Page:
Car explosion kills Daria Dugina, daughter of Russian nationalist known as “Putin’s brain”
Moscow — The daughter of an influential Russian political theoristwas killed in a car bomb attack on the outskirts of Moscow, officials said on Sunday.
The Moscow branch of the Russian Investigative Committee said preliminary information indicated that a bomb planted in the SUV driven by Daria Dugina, 29, exploded Saturday night, killing the TV commentator, who is the daughter of Alexander Dugin, a nationalist philosopher and writer, was.
Dugin is a prominent proponent of the concept of the “Russian world,” a spiritual and political ideology that emphasizes traditional values, the restoration of Russia’s power, and the unity of all ethnic Russians around the world. He is also a staunch supporter of Russia sending in troops.
The explosion happened as his daughter was returning from a cultural festival she attended with him. Some Russian media reports cited witnesses who said the SUV belonged to Dugin and that he made a last-minute decision to travel in another vehicle.
The lively and violent incident, unusual for Moscow, is likely to escalate hostility between Russia and Ukraine.
No suspects were immediately identified. But Denis Pushilin, president of the separatist Donetsk People’s Republic, which is at the heart of Russia’s fighting in Ukraine, blamed it on “terrorists from the Ukrainian regime trying to kill Alexander Dugin.”
Mykhailo Podolyak, an adviser to Ukrainian President Volodymyr Zelenskyy, denied Ukraine’s involvement, saying on national television: “We are not a criminal state, unlike Russia, and we are definitely not a terrorist state.”
Analyst Sergei Markov, a former Putin adviser, told Russia’s state news agency RIA-Novosti that Alexander Dugin, not his daughter, was likely the intended target, saying: “It is perfectly obvious that the most likely suspects are the Ukrainian Military Intelligence and the Ukrainian Security Service are .”
While Dugin’s exact ties to Russian President Vladimir Putin are unclear, the Kremlin often repeats the rhetoric from his writings and appearances on Russian state television. He helped popularize the concept of “Novorossiya” or “New Russia” that Russia used in 2014 to justify the annexation of Ukraine’s Crimea and its support of separatist rebels in eastern Ukraine.
He promotes Russia as a country of piety, traditional values and authoritarian leadership and despises Western liberal values.
His daughter expressed similar sentiments and had appeared as a commentator on the nationalist TV station Tsargrad, where Dugin had been editor-in-chief.
Dugina herself was sanctioned by the United States in March for her work as editor-in-chief of United World International, a website the US has described as a disinformation site. The sanctions announcement cited a UWI article earlier this year that claimed Ukraine would “go under” if it was admitted to NATO.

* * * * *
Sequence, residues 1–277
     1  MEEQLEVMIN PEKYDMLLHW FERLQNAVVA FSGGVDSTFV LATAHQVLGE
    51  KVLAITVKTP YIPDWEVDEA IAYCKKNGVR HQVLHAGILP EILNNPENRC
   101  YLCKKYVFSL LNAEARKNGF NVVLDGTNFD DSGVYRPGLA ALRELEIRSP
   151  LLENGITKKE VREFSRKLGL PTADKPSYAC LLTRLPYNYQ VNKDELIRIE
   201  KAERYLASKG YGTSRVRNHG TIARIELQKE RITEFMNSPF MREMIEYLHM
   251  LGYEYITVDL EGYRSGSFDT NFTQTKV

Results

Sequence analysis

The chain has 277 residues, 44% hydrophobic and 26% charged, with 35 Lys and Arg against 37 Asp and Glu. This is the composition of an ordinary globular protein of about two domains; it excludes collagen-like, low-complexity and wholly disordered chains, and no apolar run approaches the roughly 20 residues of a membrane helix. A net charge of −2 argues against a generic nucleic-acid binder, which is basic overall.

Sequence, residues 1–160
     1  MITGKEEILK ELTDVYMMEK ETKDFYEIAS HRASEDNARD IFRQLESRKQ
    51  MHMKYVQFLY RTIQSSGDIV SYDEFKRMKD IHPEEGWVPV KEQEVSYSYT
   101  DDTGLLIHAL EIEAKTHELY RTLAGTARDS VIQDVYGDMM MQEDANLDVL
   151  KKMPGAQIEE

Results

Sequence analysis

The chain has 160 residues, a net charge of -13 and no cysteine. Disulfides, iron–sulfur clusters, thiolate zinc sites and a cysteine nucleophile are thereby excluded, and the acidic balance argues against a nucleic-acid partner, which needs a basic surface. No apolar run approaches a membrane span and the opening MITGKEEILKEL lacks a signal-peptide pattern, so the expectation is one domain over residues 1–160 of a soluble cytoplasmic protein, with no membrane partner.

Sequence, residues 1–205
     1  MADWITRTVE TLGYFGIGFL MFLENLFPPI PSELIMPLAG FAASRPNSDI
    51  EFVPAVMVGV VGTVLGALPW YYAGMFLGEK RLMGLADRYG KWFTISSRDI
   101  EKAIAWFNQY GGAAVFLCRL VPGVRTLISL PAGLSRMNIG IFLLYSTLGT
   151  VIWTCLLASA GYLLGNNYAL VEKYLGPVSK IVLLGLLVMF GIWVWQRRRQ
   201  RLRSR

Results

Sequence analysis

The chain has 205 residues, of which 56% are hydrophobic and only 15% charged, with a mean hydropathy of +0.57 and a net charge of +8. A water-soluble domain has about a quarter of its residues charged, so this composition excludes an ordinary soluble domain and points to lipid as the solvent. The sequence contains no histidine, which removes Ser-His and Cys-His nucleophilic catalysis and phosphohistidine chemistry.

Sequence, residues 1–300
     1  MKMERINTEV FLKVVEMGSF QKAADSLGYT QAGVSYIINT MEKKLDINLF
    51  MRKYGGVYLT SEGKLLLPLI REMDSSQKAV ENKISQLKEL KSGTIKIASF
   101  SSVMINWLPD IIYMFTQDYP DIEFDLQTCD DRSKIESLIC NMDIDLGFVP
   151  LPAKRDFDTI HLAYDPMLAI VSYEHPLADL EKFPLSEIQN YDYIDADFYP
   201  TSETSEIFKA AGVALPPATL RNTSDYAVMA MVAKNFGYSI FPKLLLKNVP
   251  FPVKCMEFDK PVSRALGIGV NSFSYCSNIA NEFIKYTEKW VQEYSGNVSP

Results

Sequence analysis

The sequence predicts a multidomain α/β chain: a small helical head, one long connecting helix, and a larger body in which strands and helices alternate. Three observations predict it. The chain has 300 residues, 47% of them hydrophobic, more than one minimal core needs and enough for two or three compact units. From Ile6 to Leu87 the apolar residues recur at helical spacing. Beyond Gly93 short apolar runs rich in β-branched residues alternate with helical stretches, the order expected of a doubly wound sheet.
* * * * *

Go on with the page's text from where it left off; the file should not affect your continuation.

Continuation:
“Like her father, Dasha was always at the forefront of confrontation with the West,” Tsargrad said Sunday, using the familiar form of her name.
In his 1997 book The Foundations of Geopolitics, Dugin put forward an ideology called Eurasianism. The idea suggests that Russia, uniquely positioned between Europe and Asia, is unassimilable within Western civilization. Instead, Dugin believes that Russia should embrace its geopolitical peculiarity and dominate both spheres, uniting Europe and Asia into one great empire ruled by ethnic Russians. Dugin has placed Eurasism in direct opposition to liberalism and the entire “Atlantic” world, which he believes is led by the United States.
“Ukraine, as an independent state with certain territorial ambitions, poses an enormous threat to the whole of Eurasia, and without solving the Ukrainian problem it is generally pointless to talk about continental politics,” Dugin wrote in his 1997 book.
Dugin remained steadfast that subjugating Ukraine was the only way forward for Russia after the Russian invasion.
“Without Ukraine, Russia cannot become an empire again,” Dugin said in a video posted to Telegram in March. “With Ukraine within the Russian control zone, it will become empire again.”
in one, 60 Minutes correspondent Lesley Stahl pointed out that Putin appears to have listened to all of his recommendations. Not only had Dugin called on Russia to annex Ukraine, which Russia first did in Crimea in 2014, but Dugin had suggested Russia should make Iran an ally and encourage Britain to leave the European Union.
Dugin dismissed the suggestion that Putin was following his blueprint. He pointed out that his political prescriptions were decades old and that Putin was just taking the first steps.
“We’re asking him to be a lot more authoritarian than he is,” Dugin told Stahl. “So he disappoints us a little bit because it is like that [takes] too long.”